From 2002 to June 2008 she was the Chief Curator of the Chelsea Art Museum (CAM) in New York. During that time, she curated and oversaw a program of some forty exhibitions, symposia and museum publications as well as monographs and scholarly essays.

Prior to the CAM, Ms. Slome worked as a curator at the Guggenheim Museum for seven years and was a holder of a Helena Rubinstein curatorial fellowship at the Whitney Independent Study program. She has written widely on contemporary art and has recently completed The Aesthetics of Terror published by Charta Press.

About Mel Chin (Juried Grand Prize)
Mel Chin is an artist whose work evades easy classification. Alchemy, botany, and ecology intersect ARTPRIZE ArtPrize 2013 Jurors in his work. He insinuates art into unlikely places, including destroyed homes, toxic landfills, and even popular television, investigating how art can provoke greater social awareness and responsibility. Unconventional and politically engaged, his projects also challenge the idea of the artist as the exclusive creative force behind an artwork. “The survival of my own ideas may not be as important as a condition I might create for others’ ideas to be realized,” says Chin, who often enlists entire neighborhoods or groups of students in creative partnerships. Chin also promotes works of art that have the ultimate effect of benefiting science or rejuvenating the economies of inner-city neighborhoods. He lives in North Carolina.

About John Yau (2D Award)
John Yau is a poet and critic based in New York, currently serving as the editor of Hyperallergic Weekend. He has published more than 50 books of artists' books, fiction, poetry, and art criticism. He was the Arts editor of The Brooklyn Rail from March 2004. He teaches art criticism at Mason Gross School of the Arts at Rutgers University. His most recent book is Further Adventures in Monochrome, a collection of poems.

About Hesse McGraw (3D Award)
Hesse McGraw is a curator, writer and artist working as curator at the Bemis Center for Contemporary Arts in Omaha, Nebraska. He was the founding director and curator of Paragraph, a contemporary art gallery operating under the non-profit Urban Culture Project in downtown Kansas City, Missouri. He is the former assistant director of Max Protetch gallery in New York, City and former senior editor of Review, a Kansas City-based visual culture magazine. He has served as a lecturer in the Interdisciplinary department of the Kansas City Art Institute and frequently serves as a guest lecturer, critic and juror for fine art and architecture schools and organizations throughout the US.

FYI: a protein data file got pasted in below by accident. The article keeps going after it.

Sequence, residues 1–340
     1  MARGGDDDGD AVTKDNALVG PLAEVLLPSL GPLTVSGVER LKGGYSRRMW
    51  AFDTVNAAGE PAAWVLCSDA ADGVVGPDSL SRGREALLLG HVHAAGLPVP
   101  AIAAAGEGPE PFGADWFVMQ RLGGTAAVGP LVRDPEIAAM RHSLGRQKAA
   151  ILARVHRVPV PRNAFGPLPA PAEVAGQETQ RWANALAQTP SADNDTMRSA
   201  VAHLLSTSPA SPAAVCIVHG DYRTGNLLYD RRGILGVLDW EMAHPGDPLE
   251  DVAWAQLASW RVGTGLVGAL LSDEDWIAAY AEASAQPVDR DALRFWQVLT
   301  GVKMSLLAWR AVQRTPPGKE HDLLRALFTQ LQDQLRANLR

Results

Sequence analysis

About Rashida Bumbray (Time and Performance Award)
Rashida Bumbray is an independent curator living and working in New York. She recently served as Associate Curator at The Kitchen (2006-2012). She began her career as curatorial assistant and exhibition coordinator at The Studio Museum in Harlem (2001-2006), where she co-founded StudioSound, the museum’s ongoing lobby sound installation, and Hoofers’ House, a monthly jam session for tap dancers (now called Shim Sham). While also at the Studio Museum, she coordinated numerous exhibitions including Seeds and Roots with Thelma Golden.

Bumbray received her MA in Africana Studies at New York University with a concentration in Performance Studies and Contemporary Art. She is currently consulting for Creative Time.

About Eva Franch I Gilabert (Urban Space Award)
Eva Franch I Gilabert is the director of Storefront for Art and Architecture in New York City. Franch I Gilabert is a Catalan architect, researcher, teacher and founder of the solo practice OOAA (Office of Architectural Affairs). Prior to joining SFAA in 2010, Franch directed the Masters Thesis studio at Rice University. She earned a M. Arch from ETSAB-UPC, and an M. Arch. II from Princeton University. She has lectured nationally and internationally on art, architecture and design and the importance of alternative practices in the construction and understanding of public life. She is an award-winning paella maker and former competitive figure skater.

About Alice Gray Stites (Venue Award)
Alice Gray Stites is chief curator and director of Art Programming for 21cMuseum, a unique hotel and contemporary art museum with locations in Louisville, Ky., Cincinnati and Bentonville, Ark. She also works as an independent curator, organizing exhibitions in Louisville and beyond.

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By Brian Burch on